Swig sued in 2015 for damages and an order blocking Sodalicious from using words and signs similar to theirs. A trial had been set for this week, but it was on hold during settlement negotiations.

Sodalicious fought back, saying dirty is a longtime moniker for martinis and other drinks. They said tongue-in-cheek nicknames for concoctions like "Second Wife" make their business distinctly different.

Other sodas on their menu include the Rocky Mountain High, made with cherry and coconut added to Coke.

The court fight unfolded as the sweet drinks grew increasingly popular and profitable in a majority-Mormon state where sugar is a popular indulgence.

Both shops have more than a dozen locations across Utah, and have also expanded into the suburbs of Phoenix.


The highest court in Massachusetts says a man convicted of involuntary manslaughter should get a new trial because two jurors at his original trial slept during testimony.

The Supreme Judicial Court said Thursday the judge in the 2011 trial of Anthony Villalobos erred by failing to question the jurors about what they had missed while napping.

Villalobos was one of a dozen men charged in what was called the "tuxedo killing." The suspects, some wearing black tuxedos with red vests, went to a Boston club in August 2009 after attending a funeral and got into a fight with another group outside. Jose Alicea died of injuries sustained in the fight.

Prosecutors called Thursday's decision "disappointing and frustrating" but have not yet decided whether to retry. Villalobos has already been released from prison.




For two decades, Jerry Wolkoff let graffiti artists use his crumbling Queens warehouse complex as a canvas for their vibrant works. Artists gave the spot the name "5Pointz" — a place where all five New York City boroughs come together — but painters traveled from as far as Japan and Brazil to tag, bomb and burn at what became a graffiti mecca and a tourist destination.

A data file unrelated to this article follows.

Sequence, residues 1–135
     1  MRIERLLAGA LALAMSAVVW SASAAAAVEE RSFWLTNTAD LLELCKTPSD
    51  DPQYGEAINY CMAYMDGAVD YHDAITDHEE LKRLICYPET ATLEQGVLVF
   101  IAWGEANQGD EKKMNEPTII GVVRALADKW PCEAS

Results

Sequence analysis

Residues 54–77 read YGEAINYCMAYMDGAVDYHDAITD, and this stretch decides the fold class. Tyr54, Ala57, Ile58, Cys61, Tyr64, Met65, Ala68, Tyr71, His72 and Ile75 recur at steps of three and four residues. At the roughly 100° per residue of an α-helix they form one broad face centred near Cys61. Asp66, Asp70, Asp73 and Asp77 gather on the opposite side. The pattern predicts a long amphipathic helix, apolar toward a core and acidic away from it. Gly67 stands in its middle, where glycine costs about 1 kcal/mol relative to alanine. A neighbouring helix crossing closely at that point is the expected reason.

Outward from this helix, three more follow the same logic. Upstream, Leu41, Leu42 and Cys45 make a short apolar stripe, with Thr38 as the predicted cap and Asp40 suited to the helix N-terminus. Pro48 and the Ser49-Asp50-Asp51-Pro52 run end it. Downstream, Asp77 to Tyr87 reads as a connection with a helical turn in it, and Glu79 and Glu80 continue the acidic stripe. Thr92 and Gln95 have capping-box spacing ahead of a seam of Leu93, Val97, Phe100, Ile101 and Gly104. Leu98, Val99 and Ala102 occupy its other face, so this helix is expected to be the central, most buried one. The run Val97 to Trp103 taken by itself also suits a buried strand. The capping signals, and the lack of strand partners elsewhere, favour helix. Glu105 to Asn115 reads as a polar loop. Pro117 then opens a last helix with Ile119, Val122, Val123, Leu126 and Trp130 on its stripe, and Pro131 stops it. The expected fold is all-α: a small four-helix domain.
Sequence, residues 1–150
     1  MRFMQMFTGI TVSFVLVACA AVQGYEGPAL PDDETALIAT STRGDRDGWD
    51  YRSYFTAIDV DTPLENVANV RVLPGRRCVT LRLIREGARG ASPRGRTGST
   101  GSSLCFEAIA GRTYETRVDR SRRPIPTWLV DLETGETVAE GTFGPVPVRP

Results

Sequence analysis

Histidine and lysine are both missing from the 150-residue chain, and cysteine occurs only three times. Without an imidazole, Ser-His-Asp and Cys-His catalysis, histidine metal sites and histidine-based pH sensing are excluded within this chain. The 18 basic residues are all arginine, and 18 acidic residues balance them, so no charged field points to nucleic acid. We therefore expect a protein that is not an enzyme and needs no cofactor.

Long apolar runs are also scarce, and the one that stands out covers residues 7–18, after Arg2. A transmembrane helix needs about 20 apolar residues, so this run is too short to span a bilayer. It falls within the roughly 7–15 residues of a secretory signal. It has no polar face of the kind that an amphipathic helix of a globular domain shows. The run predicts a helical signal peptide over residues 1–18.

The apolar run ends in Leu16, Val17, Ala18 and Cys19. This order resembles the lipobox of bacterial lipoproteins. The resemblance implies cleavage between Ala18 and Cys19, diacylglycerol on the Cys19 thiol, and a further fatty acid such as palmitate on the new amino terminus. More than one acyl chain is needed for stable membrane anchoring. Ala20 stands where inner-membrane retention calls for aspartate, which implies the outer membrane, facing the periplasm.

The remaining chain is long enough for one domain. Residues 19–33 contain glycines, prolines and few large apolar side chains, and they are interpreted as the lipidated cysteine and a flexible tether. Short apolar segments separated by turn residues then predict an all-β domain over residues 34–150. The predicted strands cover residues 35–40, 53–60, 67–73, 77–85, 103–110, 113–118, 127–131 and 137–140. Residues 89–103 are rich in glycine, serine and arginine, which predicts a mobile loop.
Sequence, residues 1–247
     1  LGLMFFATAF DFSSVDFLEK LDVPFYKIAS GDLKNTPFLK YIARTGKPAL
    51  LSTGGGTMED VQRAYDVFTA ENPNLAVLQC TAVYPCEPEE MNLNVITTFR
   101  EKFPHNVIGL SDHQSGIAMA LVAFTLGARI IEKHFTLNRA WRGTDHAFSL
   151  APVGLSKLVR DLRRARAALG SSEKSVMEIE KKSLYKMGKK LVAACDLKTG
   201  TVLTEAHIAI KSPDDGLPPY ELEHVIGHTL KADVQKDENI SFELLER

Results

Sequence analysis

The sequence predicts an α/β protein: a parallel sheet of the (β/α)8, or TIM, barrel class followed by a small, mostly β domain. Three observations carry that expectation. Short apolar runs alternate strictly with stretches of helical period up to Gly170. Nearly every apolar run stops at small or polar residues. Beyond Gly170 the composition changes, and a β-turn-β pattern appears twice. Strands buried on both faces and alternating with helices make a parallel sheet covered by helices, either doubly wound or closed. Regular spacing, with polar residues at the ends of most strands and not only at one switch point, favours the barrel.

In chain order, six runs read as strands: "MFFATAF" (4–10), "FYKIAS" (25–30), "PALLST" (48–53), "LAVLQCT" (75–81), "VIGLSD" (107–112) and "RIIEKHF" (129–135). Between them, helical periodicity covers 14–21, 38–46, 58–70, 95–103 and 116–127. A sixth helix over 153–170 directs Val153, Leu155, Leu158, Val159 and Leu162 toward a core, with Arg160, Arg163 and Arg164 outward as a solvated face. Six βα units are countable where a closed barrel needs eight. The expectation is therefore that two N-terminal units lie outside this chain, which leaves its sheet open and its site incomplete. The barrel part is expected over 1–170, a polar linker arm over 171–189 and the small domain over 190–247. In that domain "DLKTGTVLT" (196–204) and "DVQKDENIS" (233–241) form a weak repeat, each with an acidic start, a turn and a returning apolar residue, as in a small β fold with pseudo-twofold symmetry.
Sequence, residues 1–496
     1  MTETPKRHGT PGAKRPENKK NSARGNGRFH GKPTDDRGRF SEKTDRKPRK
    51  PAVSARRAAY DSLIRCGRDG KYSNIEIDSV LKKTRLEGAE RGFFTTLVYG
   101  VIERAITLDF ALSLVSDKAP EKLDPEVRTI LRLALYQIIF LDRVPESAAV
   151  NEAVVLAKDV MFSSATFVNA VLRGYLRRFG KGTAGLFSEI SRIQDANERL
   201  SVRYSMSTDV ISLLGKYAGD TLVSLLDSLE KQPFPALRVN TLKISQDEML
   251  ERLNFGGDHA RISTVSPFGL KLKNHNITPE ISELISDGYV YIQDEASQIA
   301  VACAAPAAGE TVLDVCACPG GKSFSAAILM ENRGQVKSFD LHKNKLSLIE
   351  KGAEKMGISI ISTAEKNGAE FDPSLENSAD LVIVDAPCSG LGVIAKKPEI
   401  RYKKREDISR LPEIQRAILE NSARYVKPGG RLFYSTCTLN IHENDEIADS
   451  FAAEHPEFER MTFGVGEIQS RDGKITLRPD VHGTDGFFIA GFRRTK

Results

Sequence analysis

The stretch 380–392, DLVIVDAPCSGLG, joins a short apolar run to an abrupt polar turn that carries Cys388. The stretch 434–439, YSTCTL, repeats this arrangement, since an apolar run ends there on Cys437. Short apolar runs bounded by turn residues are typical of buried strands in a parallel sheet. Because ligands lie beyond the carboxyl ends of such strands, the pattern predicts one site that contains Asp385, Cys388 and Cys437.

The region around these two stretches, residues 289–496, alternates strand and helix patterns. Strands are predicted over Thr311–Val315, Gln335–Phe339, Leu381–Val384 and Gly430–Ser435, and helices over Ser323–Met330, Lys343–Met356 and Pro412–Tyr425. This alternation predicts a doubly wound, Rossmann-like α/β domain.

But like most graffiti, it didn't last. Wolkoff whitewashed the building in 2013 then tore it down to build luxury apartment towers.

Four years later, some of the artists whose work was destroyed are in court, arguing that even though the building belonged to Wolkoff, the art was protected by federal law.

A trial that started Tuesday at a federal court in Brooklyn will determine whether the artists should be compensated for the lost work.

More than 20 artists sued Wolkoff under the Visual Artists Rights Act, or VARA, a 1990 federal statute that protects artists' rights even if someone else owns the physical artwork.

A trial that started Tuesday at a federal court in Brooklyn will determine whether the artists should be compensated for the lost work.

More than 20 artists sued Wolkoff under the Visual Artists Rights Act, or VARA, a 1990 federal statute that protects artists' rights even if someone else owns the physical artwork.

Barry Werbin, an attorney specializing in intellectual property, said the case is significant because no lawsuit under the statute has been tried by a jury before.